St. Thomas Parkside linebacker makes Team Ontario

Like many amateur athletes early in their career, Andrew Graham came to a fork in the road as to which sport he would focus on, football or hockey.

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He was good at hockey, playing on a travelling team in Port Stanley, but by the time he was ready to start school at Parkside Collegiate Institute, he felt himself being pulled toward football.

“I used to play hockey in when I was younger,” the 17-year resident of Union said. “At first, I thought was a little small for football.”

With hockey behind him, Parkside coaches advised him to play linebacker.

“I came out for linebacker and that’s where I ended up,” he said.

He spent his first two years with Parkside’s junior program and last year under Ted Pinnegar’s senior team tutorship.

Graham currently stands 5-foot”- 10 and weighs 190 pounds. Some of that is the direct result of a weight training and diet program he started after enrolling in football.

Pinnegar said it’s a good size and weight for a player of Graham’s experience.

“For us, it’s a good size.”

Graham has been busy rounding out his regimen lately.

From high school football, he tried out and made the Forest City Thunderbirds in London, Ont. who play in the varsity division of the Ontario Football Conference.

That choice proved to be a good fit for Graham. Thunderbirds play from May to August and it keeps him busy as he tunes up for the high school season.

This week, he takes on another challenge.

Encouraged by Pinnegar, Graham went to an open tryout in April for Team Ontario, a program that drafts two development teams for the province that will travel to Nova Scotia this month for the under-18 Football Canada Cup tournament.

Team Ontario is jointly sponsored by Football Canada and the Ontario Football Alliance.

Graham said he made Team West, proving himself at the McMaster University camp from 300 who tried out.

“They narrowed it down from 300 to 80 who tried out,” he said.

That was followed up by a three-day tuneup at the University of Western Ontario.

“Now we leave for the Canada Cup in Nova Scotia,” he said.

The team will travel to Wolfville, N.S., to play at Acadia University.

Graham is already beginning to feel how demanding the Team West program is.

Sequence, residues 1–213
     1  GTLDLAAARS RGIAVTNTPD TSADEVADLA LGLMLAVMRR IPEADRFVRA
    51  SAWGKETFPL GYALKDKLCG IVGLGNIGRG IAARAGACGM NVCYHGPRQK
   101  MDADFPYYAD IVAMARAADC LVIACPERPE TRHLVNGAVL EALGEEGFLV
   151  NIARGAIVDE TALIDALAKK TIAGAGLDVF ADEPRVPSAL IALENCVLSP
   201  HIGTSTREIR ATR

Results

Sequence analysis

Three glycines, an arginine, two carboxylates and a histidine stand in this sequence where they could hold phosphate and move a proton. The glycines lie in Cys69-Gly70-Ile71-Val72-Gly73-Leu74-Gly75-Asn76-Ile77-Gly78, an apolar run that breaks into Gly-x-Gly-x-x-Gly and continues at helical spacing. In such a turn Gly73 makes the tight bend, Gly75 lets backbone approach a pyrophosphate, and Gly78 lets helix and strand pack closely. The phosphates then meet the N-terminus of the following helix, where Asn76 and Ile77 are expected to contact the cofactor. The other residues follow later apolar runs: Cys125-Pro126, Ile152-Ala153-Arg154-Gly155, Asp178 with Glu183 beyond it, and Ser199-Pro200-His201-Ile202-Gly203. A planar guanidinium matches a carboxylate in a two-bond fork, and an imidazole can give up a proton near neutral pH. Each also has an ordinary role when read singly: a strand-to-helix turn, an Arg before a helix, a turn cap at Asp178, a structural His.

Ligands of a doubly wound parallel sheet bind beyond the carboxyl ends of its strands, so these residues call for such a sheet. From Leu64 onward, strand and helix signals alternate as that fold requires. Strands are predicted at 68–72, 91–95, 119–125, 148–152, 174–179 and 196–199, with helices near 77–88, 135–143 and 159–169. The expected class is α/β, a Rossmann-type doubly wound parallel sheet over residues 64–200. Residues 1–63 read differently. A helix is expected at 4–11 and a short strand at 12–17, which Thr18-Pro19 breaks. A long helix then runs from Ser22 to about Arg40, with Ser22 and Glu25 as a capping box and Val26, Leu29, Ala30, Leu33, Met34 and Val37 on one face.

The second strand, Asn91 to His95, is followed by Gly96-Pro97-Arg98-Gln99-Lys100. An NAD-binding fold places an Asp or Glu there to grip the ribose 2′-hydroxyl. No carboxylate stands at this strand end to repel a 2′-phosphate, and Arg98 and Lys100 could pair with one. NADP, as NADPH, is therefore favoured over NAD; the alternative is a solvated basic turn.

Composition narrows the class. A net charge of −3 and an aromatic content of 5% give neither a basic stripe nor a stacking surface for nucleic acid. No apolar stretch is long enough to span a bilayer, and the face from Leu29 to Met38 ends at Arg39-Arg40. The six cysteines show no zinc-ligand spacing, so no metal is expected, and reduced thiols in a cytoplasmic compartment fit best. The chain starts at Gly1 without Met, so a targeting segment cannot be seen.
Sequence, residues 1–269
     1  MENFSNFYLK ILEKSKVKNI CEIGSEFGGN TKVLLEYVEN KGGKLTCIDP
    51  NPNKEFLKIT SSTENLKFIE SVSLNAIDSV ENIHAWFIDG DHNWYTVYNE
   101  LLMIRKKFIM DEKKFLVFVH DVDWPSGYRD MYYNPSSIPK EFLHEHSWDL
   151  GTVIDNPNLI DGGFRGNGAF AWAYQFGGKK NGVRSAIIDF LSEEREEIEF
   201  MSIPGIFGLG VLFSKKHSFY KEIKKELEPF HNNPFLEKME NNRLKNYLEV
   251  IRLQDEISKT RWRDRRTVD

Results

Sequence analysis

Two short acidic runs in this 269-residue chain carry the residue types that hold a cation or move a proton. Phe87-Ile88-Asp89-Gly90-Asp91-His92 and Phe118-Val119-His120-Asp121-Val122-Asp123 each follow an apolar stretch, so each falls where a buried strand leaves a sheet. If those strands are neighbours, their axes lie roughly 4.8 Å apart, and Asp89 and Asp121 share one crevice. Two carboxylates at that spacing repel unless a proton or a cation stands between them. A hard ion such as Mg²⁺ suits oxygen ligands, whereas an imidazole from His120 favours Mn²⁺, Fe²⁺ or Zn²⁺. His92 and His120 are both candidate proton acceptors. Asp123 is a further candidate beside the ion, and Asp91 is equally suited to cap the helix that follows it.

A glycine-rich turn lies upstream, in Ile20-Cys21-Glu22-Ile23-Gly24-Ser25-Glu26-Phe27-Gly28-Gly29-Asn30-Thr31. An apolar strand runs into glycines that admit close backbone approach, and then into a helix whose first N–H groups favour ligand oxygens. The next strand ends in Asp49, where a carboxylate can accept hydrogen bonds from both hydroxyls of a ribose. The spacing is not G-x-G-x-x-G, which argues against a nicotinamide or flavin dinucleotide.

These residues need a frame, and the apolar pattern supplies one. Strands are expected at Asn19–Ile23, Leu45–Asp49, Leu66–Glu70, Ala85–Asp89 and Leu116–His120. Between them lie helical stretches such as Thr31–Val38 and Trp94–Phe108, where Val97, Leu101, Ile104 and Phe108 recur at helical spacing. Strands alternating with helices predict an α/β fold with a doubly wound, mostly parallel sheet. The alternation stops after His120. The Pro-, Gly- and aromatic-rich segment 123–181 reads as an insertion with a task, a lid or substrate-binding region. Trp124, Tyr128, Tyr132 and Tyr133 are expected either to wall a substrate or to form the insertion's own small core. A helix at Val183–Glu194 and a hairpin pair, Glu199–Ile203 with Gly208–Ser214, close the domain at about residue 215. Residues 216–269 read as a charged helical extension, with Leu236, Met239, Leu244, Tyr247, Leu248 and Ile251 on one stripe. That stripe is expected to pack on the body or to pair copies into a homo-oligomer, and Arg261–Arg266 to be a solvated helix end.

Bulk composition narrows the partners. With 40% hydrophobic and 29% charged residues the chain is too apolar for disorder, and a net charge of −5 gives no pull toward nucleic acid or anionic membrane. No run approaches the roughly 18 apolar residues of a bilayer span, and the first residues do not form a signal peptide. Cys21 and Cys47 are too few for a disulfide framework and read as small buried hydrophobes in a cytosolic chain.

“The playbook has to be close to 60 pages,” he said. “They expect a lot from you.”

Graham knows in addition to keeping his football skills sharp, he has to maintain good grades.

Canadian universities are not only looking for athletes, they want students who academically strong, Pinnegar said.

“I have to get my marks to where they want them to be,” Graham said.

For now, he’s focused on studying kinesiology at the postsecondary level.

Graham knows there will be a lot of scouts watching the Football Canada Cup games in Wolfville.

That, he reckons, increases the chances of players like him being seen and possibly being offered a scholarship.

Canadian universities don’t offer a “full ride” scholarship where everything is paid for like U.S. schools. But, as Pinnegar pointed out, there are entrance scholarships available that help students gets started.

For now, Graham will concentrate on off-field conditioning, working in the weight room at Parkside and exercising with a personal trainer in St. Thomas.

“I found a weightlifting program on the Internet,” he said.

Pinnegar said for players like Graham, it’s ill-advised to show up at training camp out of shape.

“We expect the kids to come in shape because the season is so short,” Pinnegar said.

Graham is the son of Sherri- Lynn and Glenn Graham. He has two brothers, Brian, the eldest who played hockey, and Mitchell, a younger sibling who splits his time between soccer, baseball and hockey.

Parkside is holding a car wash Thursday from noon to 6 p.m. to help raise money for Graham’s expenses. Those interested in donating should contact the school at 519-633-0090.


Advocating for football prospects one story at a time.

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